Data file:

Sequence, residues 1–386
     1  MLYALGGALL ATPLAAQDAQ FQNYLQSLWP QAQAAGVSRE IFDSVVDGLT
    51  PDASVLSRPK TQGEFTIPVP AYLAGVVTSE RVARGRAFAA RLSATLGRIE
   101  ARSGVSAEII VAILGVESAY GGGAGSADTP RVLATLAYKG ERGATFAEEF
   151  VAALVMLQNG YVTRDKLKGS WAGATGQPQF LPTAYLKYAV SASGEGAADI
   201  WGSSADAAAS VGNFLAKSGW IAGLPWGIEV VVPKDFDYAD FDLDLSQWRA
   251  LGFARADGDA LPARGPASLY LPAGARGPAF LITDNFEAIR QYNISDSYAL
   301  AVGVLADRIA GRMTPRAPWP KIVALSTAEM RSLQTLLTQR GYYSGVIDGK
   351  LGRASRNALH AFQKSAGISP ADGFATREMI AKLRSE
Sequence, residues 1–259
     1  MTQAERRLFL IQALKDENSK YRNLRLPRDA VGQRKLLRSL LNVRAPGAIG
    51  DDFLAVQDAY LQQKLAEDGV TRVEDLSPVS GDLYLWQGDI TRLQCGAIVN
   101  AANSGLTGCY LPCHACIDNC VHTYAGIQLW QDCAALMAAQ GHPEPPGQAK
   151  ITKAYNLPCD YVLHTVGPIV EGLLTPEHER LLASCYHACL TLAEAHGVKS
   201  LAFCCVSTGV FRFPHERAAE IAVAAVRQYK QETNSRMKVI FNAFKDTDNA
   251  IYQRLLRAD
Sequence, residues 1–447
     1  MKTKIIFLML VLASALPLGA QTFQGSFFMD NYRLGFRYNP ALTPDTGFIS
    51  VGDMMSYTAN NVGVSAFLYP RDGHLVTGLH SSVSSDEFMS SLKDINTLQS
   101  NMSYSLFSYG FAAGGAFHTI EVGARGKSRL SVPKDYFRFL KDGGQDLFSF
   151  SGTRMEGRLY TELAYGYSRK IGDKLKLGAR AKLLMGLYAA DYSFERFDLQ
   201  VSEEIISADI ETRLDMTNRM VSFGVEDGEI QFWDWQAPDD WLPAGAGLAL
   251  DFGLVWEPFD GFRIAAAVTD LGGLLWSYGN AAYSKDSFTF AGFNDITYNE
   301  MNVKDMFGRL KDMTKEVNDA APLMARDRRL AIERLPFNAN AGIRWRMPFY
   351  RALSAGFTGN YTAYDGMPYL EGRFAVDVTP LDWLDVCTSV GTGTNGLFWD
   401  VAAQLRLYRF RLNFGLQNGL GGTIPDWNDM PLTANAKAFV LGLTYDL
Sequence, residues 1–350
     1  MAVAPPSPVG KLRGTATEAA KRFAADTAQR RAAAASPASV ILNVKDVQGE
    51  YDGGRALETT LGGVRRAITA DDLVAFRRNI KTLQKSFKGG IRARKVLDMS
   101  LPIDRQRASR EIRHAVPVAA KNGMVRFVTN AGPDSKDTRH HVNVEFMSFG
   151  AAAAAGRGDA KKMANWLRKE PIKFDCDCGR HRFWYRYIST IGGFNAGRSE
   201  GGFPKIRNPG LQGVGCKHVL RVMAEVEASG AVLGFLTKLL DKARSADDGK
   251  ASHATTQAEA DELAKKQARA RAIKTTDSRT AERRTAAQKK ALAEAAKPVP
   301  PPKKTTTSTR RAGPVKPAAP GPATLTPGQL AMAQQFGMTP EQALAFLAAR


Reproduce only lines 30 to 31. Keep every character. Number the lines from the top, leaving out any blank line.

   101  LPIDRQRASR EIRHAVPVAA KNGMVRFVTN AGPDSKDTRH HVNVEFMSFG
   151  AAAAAGRGDA KKMANWLRKE PIKFDCDCGR HRFWYRYIST IGGFNAGRSE